Mr X Ngwezi (IFP) asked whether, upon looking at the financial record and what had already been spent, the money was enough to last through the financial year. In Gauteng, the DEL had not achieved it targets because its fleet was not sufficient -- was that issue being addressed, because it should not come up in the next presentation. On misconduct cases, was it not enough merely to use gender, rather than indicating the race of the culprits? This information allowed anyone reading the report to draw conclusions, so it should be removed. Issues of race were very sensitive. Even gender was questionable.

On irregular expenditure, the Municipal Financial Management Act (MFMA) was clear on what should be done. The Treasury was clear on the fact that if there was irregular expenditure, it must be investigated. All departmental cars were not insured. If all departments had a problem with irregular expenditure and the vehicles were not insured, then action had to be taken promptly when accidents occurred. What prevented lawmakers from doing that, because if this was not addressed, there would always be the same issues.  Of all the accidents that happened, was not even a single employee at fault?

He was happy about what the Minister had said on cutting the middleman out, and he would be given maximum support. Corruptive practices and fraud must be combated.

Mr N Hinana (DA) said he appreciated what the Minister had said about fraud and corruption, and that he had given good advice. Where corruption and fraud had been found, how many had been charged for it? Had the money ever been recovered?  What was the nature of the misconduct referred to? In the workplace, people came from different backgrounds and many behaviours were not allowed, so details on the nature of the misconduct would allow the Committee to think of remedial action that could be taken.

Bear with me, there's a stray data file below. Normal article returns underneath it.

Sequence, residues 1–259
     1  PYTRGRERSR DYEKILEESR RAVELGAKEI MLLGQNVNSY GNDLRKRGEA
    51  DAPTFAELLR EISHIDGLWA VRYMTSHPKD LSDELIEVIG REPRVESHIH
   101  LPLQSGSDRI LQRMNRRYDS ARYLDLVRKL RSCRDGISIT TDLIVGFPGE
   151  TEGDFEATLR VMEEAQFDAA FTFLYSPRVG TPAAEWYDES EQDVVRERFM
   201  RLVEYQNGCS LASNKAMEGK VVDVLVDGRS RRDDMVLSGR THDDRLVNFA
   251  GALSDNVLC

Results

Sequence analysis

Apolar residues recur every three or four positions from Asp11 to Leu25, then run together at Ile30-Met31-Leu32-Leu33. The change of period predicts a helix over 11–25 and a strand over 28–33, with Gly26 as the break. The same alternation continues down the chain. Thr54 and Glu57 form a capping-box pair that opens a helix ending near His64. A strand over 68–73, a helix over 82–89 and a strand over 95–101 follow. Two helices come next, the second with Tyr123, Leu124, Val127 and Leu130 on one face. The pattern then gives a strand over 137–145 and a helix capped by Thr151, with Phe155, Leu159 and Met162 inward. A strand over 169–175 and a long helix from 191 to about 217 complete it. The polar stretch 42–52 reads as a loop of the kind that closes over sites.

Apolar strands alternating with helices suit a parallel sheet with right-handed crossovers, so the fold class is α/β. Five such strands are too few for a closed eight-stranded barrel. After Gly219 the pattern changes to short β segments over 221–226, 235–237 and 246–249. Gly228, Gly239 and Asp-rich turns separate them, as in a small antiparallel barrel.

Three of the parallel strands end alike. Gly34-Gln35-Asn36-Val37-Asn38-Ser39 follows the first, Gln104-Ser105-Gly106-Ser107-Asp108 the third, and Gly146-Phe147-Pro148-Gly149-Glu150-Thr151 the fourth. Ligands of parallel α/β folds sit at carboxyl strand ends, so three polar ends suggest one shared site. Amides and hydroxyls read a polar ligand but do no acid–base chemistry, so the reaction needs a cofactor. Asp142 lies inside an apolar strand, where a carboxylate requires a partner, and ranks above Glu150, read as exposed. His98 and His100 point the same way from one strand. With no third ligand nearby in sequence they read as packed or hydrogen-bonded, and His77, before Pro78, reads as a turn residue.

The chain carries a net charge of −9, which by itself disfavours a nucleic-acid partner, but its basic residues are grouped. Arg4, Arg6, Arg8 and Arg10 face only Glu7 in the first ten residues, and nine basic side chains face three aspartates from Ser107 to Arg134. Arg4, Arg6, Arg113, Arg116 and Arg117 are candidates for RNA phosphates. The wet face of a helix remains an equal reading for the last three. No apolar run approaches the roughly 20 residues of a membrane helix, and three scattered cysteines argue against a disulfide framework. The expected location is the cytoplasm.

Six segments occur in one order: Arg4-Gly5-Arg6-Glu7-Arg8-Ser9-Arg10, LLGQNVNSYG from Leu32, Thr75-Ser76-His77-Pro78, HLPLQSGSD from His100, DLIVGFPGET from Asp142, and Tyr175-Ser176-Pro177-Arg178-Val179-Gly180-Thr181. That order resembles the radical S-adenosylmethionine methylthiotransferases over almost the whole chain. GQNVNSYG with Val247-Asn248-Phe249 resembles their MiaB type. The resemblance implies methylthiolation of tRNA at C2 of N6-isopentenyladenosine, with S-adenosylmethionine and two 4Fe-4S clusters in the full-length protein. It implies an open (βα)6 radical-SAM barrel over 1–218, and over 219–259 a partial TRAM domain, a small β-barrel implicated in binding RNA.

On the performance per province, Gauteng was over-populated, but if there was underperformance, what was the contributing factor? In provinces like Limpopo, it made sense due to capacity and other factors. What was being done about this? South Africa was trying to fight poverty, so municipalities that were suffering should be assisted because it meant that people who lived in those areas were also suffering. Some inspectors were using their own vehicles – who bore the responsibility for any liabilities?  

Ms A Zuma (ANC) said that Mpumalanga and Northern Cape had not performed well, so what kind of intervention would be given in these provinces? Did the DEL prioritise disabled persons when it advertised vacancies?

Mr M Nontsele (ANC) asked what steps had been taken to ensure that critical posts were addressed.

The Chairperson asked that the Department explain the type of misconduct referred to, as well as fraud.

Department’s response

The Acting Director General responded that on irregular expenditure, there was a sensitivity about breaking down the information, but the Department would look into breaking it down and giving further clarity.

On accidents, not every official had been found to be not liable. About 20% had been found liable. The Department needed to go beyond instituting misconduct procedures and look at interventions to tighten issues around these occurrences.

On the underperformance of provinces, the vacancy rates were at 6% and there had been an improvement. It also mattered which posts were vacant. The Northern Cape, Gauteng and Mpumalanga did not have inspectors, and the work had come to a halt.   In Kimberley, the inspector had been sick for a long time ,and that had had long term effects. 500 more inspectors were being recruited.

On inspectors using their own cars, policy allowed for that. When there were shortages in the fleet, people were willing, and there was also a subsidy from the state.  

Gauteng had more challenges than other provinces, but there was an action plan to assist with improvements. The interventions had worked, because all three provinces had shown an improvement rate of 25%.

The Chairperson asked for further clarity on the budget spent.